Teak oils are primarily either linseed oil or tung oil, bolstered by resins to make them more durable. Linseed oil tends to darken the teak, but it is significantly cheaper. Tung oil doesn't darken the wood, and it is more water resistant than linseed oil — a notable advantage for boat use. However, a month or two after application, it may be hard to discern that much difference since both oils carbonize in the sun and turn dark. Proprietary teak oils address this problem with various additives, including pigments, UV filters, and mildew retardants. Some that perform admirably in one climate are reviled in another. If you are going to oil your teak, make your teak oil selection based on the recommendations of other boatowners in your area.
Apply teak oil with a paint brush. Immediately wipe up (with a spirits-dampened cloth) any drips or runs on fiberglass or painted surfaces, or the resins the oil contains will leave dark, nearly-impossible-to-remove stains. Watch out for sneaky runs below the rail.
Oiling requires multiple coats. The wood will initially "drink" the oil, and thinning the first coat about 20% with mineral spirits or turpentine encourages it to penetrate the wood more deeply. By the third coat, oil will begin to stand in some areas. Wipe up excess oil with a cloth. Continue to brush on the oil and wipe away any excess until the wood is saturated. The wood should have a matte finish without any shiny spots.
Another approach to achieving a natural look is the application of a sealer. Durability and ease of application have made some sealers very popular with boat owners.
Sealers don't feed the wood but, as the name suggests, they seal out moisture and dirt, and seal in natural oils and resins. Unfortunately, the oils and resins may already be lost, so the first step in applying a sealer to old teak is to restore the oil content with a thorough application of teak oil. Clean and bleach the wood to a uniform color, then oil it until it refuses to accept more. Now wait at least two weeks to let the resins dry before you apply the sealer.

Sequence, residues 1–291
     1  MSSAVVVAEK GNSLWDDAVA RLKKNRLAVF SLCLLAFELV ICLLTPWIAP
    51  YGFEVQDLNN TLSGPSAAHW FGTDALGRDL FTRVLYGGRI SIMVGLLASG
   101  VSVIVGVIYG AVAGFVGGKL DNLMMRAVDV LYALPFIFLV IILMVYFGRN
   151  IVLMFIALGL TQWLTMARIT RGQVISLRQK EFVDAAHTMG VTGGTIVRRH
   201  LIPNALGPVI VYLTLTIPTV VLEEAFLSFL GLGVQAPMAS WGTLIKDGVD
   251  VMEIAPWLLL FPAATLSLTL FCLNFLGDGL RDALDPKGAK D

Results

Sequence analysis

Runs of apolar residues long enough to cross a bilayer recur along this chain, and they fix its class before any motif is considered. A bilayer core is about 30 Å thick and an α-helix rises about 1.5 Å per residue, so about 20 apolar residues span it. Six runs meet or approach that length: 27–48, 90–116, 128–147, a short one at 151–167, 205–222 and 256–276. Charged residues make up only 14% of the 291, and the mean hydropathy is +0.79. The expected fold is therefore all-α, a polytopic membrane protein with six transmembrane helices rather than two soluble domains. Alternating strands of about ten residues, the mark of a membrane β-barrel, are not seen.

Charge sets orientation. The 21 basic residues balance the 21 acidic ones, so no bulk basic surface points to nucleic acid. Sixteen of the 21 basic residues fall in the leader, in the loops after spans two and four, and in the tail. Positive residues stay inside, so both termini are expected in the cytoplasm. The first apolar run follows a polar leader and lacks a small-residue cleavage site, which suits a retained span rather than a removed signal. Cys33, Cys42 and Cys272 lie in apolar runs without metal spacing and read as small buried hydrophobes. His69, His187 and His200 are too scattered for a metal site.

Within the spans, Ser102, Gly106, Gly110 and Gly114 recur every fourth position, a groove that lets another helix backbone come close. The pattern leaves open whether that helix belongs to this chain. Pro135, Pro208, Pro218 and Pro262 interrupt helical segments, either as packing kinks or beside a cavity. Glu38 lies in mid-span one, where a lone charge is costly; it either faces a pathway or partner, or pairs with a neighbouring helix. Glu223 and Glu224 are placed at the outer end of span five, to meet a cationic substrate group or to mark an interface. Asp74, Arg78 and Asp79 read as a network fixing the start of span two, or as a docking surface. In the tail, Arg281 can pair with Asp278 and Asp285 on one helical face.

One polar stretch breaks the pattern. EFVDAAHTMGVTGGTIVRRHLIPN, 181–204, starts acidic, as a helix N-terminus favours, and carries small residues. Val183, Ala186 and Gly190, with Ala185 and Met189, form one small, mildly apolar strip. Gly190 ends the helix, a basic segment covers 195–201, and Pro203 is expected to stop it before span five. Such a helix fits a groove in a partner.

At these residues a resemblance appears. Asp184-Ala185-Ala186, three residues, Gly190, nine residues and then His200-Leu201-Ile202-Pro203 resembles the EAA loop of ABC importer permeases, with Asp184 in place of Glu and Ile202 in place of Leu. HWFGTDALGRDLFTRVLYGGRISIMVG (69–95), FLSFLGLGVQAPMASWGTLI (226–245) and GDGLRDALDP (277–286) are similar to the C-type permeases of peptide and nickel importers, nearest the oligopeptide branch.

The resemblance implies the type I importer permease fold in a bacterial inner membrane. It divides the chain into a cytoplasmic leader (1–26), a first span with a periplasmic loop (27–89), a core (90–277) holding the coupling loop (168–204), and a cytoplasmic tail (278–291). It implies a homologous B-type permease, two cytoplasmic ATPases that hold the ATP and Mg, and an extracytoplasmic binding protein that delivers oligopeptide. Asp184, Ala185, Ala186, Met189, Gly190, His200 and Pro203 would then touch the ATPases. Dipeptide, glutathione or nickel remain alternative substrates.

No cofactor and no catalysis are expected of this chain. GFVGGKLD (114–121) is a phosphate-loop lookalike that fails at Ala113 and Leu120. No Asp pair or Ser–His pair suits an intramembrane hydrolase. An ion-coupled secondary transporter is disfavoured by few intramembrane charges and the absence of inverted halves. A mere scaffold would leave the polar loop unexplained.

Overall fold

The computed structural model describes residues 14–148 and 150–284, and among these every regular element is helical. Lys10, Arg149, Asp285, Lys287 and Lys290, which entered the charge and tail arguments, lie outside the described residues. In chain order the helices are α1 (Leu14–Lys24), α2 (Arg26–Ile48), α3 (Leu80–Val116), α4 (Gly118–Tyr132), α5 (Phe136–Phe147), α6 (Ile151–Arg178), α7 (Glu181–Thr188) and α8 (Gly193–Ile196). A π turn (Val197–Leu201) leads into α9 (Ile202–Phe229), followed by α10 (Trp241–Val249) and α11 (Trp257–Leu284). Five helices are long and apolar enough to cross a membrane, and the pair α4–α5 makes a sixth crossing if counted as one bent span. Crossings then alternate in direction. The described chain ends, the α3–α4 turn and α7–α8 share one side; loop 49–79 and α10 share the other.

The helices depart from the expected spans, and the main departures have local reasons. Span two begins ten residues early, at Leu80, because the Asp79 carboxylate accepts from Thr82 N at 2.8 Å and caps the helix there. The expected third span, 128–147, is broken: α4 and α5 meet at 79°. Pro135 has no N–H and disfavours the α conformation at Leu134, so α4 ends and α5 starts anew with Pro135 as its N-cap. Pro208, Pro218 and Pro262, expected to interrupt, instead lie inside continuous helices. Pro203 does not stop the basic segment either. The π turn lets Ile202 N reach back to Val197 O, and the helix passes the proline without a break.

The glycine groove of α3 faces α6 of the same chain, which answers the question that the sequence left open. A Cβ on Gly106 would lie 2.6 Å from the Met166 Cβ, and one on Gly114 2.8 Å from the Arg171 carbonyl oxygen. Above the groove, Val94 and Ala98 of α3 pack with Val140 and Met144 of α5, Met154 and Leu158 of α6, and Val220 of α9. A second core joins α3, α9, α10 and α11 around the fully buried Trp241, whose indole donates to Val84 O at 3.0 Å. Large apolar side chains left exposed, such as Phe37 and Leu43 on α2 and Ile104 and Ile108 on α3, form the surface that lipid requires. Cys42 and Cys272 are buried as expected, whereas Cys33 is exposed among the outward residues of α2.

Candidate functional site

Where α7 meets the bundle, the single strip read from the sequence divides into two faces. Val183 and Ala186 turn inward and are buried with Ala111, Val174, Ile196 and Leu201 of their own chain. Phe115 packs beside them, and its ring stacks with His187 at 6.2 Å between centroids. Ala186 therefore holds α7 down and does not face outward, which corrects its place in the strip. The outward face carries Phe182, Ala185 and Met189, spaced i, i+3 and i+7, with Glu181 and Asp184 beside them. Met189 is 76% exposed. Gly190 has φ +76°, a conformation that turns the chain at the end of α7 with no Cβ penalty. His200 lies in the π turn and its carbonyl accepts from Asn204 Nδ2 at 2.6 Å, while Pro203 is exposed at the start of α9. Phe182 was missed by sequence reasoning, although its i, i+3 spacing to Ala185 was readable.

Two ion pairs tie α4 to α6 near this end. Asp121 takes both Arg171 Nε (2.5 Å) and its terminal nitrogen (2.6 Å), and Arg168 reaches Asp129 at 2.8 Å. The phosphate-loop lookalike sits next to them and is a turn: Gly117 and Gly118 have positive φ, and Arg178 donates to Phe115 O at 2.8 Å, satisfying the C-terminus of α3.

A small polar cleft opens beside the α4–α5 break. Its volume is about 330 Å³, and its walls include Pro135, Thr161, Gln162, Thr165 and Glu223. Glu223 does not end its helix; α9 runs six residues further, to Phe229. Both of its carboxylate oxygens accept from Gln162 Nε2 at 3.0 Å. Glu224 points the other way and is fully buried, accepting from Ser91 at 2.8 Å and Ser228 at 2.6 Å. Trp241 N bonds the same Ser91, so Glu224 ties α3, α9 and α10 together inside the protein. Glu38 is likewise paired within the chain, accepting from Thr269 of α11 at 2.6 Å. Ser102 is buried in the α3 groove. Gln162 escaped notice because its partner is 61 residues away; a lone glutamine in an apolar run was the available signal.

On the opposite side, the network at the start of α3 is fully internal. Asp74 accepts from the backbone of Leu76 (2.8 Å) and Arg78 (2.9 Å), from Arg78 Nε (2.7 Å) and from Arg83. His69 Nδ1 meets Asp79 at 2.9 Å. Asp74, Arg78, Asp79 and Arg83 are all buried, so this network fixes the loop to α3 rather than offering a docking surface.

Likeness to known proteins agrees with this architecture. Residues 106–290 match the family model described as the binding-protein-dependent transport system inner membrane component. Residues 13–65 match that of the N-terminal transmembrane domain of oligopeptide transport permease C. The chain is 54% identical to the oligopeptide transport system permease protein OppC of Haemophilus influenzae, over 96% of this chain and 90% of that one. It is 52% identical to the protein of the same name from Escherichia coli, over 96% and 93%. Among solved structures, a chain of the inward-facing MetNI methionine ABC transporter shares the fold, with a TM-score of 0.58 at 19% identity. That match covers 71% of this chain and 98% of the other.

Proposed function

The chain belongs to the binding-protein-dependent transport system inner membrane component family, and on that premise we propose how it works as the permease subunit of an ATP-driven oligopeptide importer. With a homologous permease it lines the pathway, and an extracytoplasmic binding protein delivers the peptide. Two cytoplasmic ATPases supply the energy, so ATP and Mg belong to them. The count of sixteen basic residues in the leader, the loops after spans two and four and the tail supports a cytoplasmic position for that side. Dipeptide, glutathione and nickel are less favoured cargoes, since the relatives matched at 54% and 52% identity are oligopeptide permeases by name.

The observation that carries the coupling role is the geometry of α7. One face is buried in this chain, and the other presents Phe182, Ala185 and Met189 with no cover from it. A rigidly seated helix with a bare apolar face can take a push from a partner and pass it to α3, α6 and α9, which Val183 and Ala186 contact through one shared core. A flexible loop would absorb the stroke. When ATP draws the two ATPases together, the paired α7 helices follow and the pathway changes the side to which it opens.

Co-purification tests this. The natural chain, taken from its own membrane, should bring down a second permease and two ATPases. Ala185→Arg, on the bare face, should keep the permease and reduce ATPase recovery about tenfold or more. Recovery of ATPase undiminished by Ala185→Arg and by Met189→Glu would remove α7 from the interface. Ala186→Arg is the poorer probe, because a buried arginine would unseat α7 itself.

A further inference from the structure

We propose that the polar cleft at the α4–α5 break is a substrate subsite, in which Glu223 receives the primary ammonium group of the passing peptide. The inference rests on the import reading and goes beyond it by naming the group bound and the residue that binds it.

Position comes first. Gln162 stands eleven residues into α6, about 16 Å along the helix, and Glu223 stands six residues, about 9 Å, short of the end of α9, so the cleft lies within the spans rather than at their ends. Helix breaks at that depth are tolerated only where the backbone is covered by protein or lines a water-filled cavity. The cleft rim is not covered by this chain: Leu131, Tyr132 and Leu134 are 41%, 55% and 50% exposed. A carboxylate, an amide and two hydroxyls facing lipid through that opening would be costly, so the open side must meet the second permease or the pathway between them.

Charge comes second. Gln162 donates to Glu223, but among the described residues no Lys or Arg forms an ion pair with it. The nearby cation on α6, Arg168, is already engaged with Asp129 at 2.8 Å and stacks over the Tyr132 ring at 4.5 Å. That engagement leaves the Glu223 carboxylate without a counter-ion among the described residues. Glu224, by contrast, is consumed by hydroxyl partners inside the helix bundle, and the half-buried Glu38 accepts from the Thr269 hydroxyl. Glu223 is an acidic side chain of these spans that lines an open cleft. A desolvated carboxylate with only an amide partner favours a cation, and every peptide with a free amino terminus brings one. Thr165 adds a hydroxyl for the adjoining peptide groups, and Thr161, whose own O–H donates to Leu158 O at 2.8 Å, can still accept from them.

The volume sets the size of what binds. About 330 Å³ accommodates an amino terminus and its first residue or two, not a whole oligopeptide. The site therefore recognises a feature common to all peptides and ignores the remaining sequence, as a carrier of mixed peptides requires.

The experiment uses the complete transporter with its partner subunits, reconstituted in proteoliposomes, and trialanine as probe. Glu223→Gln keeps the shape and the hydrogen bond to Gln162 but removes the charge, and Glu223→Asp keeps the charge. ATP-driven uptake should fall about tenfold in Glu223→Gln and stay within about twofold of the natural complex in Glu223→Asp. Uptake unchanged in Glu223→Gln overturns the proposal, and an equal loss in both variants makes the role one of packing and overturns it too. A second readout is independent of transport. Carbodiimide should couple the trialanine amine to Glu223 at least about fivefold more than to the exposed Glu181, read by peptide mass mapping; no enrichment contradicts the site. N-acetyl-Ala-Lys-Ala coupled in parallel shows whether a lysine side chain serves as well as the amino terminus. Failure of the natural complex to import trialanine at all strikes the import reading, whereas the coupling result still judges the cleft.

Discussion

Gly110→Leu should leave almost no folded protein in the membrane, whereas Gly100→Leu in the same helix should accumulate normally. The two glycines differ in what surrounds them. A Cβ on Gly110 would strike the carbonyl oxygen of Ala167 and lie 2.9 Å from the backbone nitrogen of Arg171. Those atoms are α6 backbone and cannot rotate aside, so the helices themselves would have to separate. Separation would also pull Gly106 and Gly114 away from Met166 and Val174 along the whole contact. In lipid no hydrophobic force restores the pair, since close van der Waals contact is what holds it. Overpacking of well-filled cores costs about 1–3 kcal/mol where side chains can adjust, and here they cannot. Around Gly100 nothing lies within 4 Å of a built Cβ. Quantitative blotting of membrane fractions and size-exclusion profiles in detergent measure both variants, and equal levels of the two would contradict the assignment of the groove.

After two weeks, wash the wood and let it dry completely. Sealers need an oil-free surface to attach to, so wipe the wood heavily with a rag soaked in acetone to remove all oil from the surface. The oil the wood has absorbed will be unaffected by this quick-flashing solvent. Unless the can instructs you otherwise, apply sealer exactly like oil. A throw-away brush is adequate for the job, and brushing technique is not a concern. Wipe away all excess with a cloth. Apply additional coats until the surface shows a uniform matte finish.
Maintain sealed wood by washing it and applying a fresh coat of sealer every two to three months.
Aside from its much-admired appearance, varnish offers genuine protection for the wood. Wood coated with varnish will not dry out and split, will not absorb moisture and rot, is unaffected by dirt and pollution, and will be untouched, thus unstained, by oily or greasy spills.
The absence of pigment in varnish means it does not shield the underlying surface from the sun. Ultraviolet radiation penetrates the coating and carbonizes the oils in the wood, causing the wood to darken beneath the varnish. To minimize this effect, varnish makers add ultraviolet inhibitors — sun screens — to their products. For exterior brightwork, select a quality spar varnish (not urethane varnish) heavily fortified with UV inhibitors. As always, get local recommendations from other boatowners before selecting a specific varnish.
Teak doesn't hold varnish as well as other woods due to its oil content, but a long-lasting coating is possible with the right technique. Books have been written about applying varnish. You may not get that perfect, mirror-like finish on your first try, but as long as the wood is ivory smooth, the weather is warm and dry, and you don't "worry" the varnish with too many brush strokes, you should get admirable results. Plan on applying at least six coats.